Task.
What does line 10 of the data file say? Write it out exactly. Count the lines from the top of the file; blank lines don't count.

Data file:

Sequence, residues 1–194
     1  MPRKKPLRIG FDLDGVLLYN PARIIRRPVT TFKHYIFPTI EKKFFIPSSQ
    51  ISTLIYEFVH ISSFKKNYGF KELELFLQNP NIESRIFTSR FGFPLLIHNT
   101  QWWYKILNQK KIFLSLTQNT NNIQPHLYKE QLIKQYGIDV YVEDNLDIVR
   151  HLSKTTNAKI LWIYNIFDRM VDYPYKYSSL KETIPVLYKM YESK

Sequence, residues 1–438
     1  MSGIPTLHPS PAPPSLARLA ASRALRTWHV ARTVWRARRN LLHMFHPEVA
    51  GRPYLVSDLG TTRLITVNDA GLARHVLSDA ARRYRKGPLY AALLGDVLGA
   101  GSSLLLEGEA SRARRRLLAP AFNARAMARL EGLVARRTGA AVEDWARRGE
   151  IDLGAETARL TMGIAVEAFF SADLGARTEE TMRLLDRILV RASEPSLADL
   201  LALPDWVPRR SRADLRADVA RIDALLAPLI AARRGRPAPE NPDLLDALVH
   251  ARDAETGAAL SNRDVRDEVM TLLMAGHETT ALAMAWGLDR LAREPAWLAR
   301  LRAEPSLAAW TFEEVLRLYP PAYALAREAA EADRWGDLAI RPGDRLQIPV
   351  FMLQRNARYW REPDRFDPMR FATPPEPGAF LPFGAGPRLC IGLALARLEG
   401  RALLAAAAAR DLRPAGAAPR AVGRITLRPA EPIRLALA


   151  IDLGAETARL TMGIAVEAFF SADLGARTEE TMRLLDRILV RASEPSLADL